The Tempest ends with a general sense of resolution and hope. After four acts in which Prospero uses magic to split up, disorient, and psychologically torture his enemies, in the final act he lures everyone to the same spot on the island and forgives Alonso and Antonio for their betrayal twelve years prior. The main event that heals the wounds of the past is the union between Miranda and Ferdinand. Alonso, who thought his son had died in the shipwreck, feels completely renewed when he sees that Ferdinand has, in fact, survived. Ferdinand’s engagement to Miranda establishes a bond of kinship between Alonso and Prospero, further bridging that rift that separates them. Miranda and Ferdinand’s union suggests the possibility for a new future, devoid of the kind of conflict that has driven the play. Miranda articulates this possibility for a new future when she expresses a sense of wonder at the “brave new world” (Vi.i) that has opened up for her. With the major conflict between Prospero and Alonso resolved, Prospero breaks his staff and gives up magic in preparation for his return to Milan.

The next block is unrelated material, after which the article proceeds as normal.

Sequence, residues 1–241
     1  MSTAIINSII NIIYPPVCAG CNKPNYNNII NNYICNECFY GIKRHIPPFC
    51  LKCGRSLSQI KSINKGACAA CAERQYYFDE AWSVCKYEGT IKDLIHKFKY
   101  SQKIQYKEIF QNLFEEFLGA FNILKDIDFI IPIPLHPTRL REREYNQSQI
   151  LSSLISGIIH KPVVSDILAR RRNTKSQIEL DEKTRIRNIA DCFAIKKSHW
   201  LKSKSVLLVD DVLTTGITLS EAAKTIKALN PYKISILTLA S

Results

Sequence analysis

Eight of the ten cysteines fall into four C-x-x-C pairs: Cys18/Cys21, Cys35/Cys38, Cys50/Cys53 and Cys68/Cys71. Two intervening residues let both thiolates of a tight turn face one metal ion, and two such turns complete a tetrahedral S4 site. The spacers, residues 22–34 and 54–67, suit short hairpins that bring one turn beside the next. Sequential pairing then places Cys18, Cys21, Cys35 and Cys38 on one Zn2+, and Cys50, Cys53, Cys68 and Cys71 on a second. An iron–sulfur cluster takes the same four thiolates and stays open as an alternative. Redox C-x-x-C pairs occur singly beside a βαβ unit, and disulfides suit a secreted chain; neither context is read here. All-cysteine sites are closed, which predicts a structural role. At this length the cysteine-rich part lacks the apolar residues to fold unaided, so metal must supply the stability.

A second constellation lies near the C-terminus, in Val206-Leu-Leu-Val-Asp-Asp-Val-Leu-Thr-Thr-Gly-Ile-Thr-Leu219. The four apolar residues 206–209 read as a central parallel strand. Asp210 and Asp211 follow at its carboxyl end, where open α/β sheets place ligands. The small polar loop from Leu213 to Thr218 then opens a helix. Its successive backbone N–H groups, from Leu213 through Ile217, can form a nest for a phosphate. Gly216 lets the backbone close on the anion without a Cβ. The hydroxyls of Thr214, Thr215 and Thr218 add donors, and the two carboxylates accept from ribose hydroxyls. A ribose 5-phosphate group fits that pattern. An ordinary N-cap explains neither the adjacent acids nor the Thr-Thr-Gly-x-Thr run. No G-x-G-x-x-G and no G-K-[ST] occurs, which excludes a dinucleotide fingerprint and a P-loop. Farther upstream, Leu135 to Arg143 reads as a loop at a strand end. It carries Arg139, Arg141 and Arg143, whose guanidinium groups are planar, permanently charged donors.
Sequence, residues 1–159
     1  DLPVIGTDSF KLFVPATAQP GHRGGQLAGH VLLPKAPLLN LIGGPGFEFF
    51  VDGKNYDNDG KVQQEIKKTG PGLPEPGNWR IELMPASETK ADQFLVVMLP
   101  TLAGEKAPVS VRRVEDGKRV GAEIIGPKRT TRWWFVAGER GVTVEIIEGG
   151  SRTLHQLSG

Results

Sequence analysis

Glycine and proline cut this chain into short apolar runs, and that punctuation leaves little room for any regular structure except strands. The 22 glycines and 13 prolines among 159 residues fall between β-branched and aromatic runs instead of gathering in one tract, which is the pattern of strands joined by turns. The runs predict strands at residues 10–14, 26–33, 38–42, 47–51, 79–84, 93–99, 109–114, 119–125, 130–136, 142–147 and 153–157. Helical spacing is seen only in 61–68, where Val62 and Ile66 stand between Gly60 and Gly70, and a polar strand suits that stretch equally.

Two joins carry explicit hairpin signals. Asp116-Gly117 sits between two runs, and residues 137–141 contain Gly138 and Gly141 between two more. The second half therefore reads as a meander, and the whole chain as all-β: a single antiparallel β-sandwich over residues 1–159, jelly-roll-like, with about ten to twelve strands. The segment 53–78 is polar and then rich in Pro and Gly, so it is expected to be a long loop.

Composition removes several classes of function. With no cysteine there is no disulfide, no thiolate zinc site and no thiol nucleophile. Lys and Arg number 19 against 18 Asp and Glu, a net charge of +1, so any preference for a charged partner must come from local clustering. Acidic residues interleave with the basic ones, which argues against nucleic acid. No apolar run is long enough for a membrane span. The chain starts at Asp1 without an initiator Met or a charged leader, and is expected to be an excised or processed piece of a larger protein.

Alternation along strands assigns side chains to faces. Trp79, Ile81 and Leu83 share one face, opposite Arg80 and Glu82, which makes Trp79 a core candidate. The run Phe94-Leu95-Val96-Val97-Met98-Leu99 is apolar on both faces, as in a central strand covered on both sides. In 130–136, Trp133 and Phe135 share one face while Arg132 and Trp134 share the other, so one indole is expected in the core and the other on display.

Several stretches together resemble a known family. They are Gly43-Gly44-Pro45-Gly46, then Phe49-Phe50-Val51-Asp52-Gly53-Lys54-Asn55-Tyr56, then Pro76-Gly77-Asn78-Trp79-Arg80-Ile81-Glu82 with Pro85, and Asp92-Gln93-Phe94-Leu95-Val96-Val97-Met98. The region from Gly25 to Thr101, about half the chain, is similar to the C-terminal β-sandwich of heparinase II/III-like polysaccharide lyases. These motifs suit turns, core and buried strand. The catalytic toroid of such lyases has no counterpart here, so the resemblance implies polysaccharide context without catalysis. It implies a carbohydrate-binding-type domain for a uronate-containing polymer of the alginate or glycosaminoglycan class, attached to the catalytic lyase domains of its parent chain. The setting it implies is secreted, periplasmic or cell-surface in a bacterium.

Despite the resolution of the main conflict, the end of Shakespeare’s play also plants the seeds for possible future conflict. Miranda and Ferdinand’s engagement may help bring an end to the conflict of the previous generation, but a disagreement that arises during their game of chess in the final act suggests that new conflicts may hover on the horizon. First of all, the very fact that they are playing chess may bode ill. Chess is a game about regicide, meaning the assassination of a king. Given that the central conflict of The Tempest arose from the attempted assassination of Prospero while he was Duke of Milan, it seems striking that Miranda and Ferdinand would play a game that repeats the narrative of assassination—even if only metaphorically. Even more foreboding is Miranda’s accusation that Ferdinand has cheated: “Sweet lord, you play me false” (V.i.). Cheating in a game is not as serious as political betrayal. Nevertheless, it remains disconcerting that the sense of a new beginning that arises at the end of the play should be tinged with dishonesty. Will the next generation repeat the sins of the past?